All scientific research aside, I am grateful my parents encouraged me to embrace our native language. I have personally witnessed those who believe everyone should speak English as it is the universal language, and frown upon those who don’t. I have personally experienced people being offended when they do not understand a conversation being conducted near them, in a language they do not understand. Thanks to my parents, when I am around someone speaking their native language, I keep in mind that those words may be the only familiar thing they still carry with them. It may be the only remnant of their homeland, helping them keep their history alive while they make a new home and create a new history in a foreign land. And, I remember what it feels like to slip into my favorite pair of well-worn jeans, the comfort they provide, each tear a memory that no amount of fading can completely erase.

If you are bilingual, do you think in one language and translate to another or do you think in the language you speak?


18 thoughts on “Like A Well-Worn Pair Of Jeans

  1. Very cool post, I like the mini tribute to your parents and how you tied it all in. I wish that I could speak two languages…sadly ” I only know American” as they say in The South;) Nice post and yes I know it’s English:P

    1. Thank you. When we were kids, we rolled our eyes when our parents reminded us to use our Spanish at home. I’m so grateful for it now. And I speak “American” too…attended college in Texas and miss that state every day! Thanks for stopping by!

  2. Muy bueno, Mama! Me gusto mucho! (How was that?!) I’ve also got: una cerveza por favor?

    I’m probably late to the party, but from where do your parents hail? And no wonder you’re so gorgeous, a Latina! 😉

    1. Thank you my friend! My parents hailed from Cuba. My sister, who is the oldest was two years old when they came to the United States. Looks like your next Spanish phrase should be, “Donde esta el baño?” 😉

  3. No matter what you write about, you write so beautifully…just had to say that first!
    I am so grateful NOW to be bilingual. My parents, like yours, wanted us to speak our native language, but at that age I didn’t want to. However, now I realize how important it is to embrace both, and how many doors can be opened for you by just by being fully bilingual. 🙂

    I speak both languages everyday. When I think to myself, I think in english, but when I’m speaking spanish, I think in spanish too. 🙂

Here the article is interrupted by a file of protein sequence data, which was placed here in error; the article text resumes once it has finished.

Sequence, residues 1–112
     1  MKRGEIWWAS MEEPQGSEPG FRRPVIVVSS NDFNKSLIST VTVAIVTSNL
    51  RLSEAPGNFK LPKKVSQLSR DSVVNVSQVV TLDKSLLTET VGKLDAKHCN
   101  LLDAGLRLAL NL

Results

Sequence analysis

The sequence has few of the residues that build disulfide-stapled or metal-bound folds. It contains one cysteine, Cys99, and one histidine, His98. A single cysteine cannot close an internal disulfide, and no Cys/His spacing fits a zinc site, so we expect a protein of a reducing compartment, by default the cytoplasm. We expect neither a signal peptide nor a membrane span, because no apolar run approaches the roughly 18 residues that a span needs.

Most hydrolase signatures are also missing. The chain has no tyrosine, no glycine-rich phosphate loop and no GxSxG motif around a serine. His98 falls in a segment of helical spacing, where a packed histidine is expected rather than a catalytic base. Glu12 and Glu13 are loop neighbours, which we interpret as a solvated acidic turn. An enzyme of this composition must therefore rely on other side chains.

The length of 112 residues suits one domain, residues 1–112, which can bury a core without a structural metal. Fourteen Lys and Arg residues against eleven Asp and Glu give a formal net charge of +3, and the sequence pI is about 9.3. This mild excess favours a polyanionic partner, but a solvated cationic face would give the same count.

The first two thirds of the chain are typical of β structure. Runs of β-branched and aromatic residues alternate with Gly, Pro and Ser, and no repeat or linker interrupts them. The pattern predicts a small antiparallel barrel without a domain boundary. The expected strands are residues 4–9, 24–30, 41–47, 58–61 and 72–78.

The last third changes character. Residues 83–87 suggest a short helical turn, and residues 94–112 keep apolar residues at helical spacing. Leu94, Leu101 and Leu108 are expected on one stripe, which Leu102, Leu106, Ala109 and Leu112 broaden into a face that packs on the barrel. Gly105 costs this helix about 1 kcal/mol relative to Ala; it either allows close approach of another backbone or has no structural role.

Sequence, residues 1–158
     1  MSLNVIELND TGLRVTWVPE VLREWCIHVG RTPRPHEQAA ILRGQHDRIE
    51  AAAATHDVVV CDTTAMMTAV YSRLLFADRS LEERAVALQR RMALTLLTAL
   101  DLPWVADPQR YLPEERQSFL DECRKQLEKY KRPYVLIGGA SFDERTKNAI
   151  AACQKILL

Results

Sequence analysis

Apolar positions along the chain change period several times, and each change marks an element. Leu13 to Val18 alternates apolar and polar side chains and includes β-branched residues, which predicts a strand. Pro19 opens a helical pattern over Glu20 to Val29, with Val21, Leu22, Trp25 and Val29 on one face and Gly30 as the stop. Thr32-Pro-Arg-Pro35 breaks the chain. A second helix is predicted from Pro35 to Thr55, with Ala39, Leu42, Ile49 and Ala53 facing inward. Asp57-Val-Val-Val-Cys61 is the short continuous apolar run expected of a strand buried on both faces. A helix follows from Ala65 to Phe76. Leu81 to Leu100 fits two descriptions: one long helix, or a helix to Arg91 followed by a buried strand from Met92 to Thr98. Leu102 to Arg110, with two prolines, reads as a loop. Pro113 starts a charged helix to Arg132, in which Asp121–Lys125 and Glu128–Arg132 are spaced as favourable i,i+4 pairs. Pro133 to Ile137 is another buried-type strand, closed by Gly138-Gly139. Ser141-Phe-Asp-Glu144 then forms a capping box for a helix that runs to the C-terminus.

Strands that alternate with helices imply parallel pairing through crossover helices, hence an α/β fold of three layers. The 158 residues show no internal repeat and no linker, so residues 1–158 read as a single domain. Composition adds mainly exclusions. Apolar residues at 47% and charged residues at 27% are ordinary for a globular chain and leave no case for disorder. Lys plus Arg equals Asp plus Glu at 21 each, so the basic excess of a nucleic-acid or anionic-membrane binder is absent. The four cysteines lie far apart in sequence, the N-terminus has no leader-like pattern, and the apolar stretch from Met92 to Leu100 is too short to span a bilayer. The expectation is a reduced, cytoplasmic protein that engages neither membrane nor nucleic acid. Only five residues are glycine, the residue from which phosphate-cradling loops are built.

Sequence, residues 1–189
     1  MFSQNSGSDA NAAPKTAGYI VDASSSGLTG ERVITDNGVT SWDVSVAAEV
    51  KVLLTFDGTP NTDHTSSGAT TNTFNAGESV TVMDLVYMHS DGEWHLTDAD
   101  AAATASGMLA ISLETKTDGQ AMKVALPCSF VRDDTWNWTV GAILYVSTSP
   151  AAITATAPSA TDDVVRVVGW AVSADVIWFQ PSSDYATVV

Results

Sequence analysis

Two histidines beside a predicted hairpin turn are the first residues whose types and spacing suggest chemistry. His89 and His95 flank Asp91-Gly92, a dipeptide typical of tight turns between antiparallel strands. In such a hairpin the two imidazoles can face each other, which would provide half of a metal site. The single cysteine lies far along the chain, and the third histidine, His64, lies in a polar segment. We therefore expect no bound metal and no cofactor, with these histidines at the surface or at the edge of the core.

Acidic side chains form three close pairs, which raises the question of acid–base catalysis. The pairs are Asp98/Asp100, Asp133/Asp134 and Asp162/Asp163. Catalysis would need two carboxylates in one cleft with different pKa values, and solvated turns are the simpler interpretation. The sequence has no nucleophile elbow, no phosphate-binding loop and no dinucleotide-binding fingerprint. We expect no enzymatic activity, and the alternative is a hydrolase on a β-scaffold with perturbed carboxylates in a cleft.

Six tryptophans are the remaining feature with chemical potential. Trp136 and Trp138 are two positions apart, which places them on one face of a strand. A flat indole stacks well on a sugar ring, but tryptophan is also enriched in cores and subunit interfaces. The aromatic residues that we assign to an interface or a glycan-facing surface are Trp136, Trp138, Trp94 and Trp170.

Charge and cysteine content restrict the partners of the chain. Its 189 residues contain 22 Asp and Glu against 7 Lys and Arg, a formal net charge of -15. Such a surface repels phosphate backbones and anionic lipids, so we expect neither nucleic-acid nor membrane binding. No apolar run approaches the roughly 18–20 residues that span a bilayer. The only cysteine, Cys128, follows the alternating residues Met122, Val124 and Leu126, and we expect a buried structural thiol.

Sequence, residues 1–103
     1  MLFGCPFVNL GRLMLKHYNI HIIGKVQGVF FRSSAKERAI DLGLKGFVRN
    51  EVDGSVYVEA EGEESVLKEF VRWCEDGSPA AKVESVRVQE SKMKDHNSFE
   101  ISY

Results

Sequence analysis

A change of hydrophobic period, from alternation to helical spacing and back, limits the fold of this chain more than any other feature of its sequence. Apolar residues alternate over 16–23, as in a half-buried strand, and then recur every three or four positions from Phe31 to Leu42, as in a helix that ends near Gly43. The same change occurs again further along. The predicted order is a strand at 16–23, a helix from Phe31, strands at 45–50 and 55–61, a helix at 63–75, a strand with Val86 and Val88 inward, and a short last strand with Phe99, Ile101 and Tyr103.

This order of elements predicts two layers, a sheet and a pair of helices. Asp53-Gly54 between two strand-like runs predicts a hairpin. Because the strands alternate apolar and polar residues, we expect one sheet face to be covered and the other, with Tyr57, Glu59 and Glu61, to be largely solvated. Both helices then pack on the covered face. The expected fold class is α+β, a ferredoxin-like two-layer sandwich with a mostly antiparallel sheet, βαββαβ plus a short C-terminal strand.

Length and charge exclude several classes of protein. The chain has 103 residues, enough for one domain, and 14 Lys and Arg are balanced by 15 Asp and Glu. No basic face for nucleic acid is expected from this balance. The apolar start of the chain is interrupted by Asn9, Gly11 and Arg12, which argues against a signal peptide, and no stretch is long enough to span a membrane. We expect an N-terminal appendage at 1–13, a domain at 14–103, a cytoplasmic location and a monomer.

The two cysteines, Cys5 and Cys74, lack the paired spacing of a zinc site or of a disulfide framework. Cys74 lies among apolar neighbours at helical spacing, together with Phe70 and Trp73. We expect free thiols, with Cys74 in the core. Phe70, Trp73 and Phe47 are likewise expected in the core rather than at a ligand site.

1. Thank you for your kind words. It is so nice to hear that someone enjoys my writing. When I think to myself, I do so in English too. I just started reading a book in Spanish, and realize I’m a much slower reader even though I understand everything I’m reading. Maybe in time, I’ll speed up. 😉

  4. I would love to be fully bilingual. It was my dream to speak 5 languages and I haven’t given up! I kinda speak 3 (Swedish and French) and read Spanish, Danish and Norwegian but Italian has to be started, possibly in Eat Pray Love style, complete with the food. Thanks for the reminder of that dream.

    1. Wow! That is quite impressive! My hats off to you! That’s funny, when I think of what language I would consider learning I think of that country’s food too. What the heck?

  5. When I was younger, I was told that the future was going to be for the bi-lingual. And today we really do have more options if we are bi-lingual. I know restaurant spanish and when someone calls and asks if I speak Spanish at work, I can get by, mostly because the one calling knows more English than I do Spanish, but I sure wish I had that gift! You are blessed! My mom keeps bragging about how she made me take typing in school even though I wish it had been more Spanish too! 😉

    1. Typing! LOL I was just telling my kids the other day about taking typing classes. My little one asked, “Why? Didn’t you have a laptop?” At the age of seven, his typing skills are already pretty good. ha ha

Leave a Reply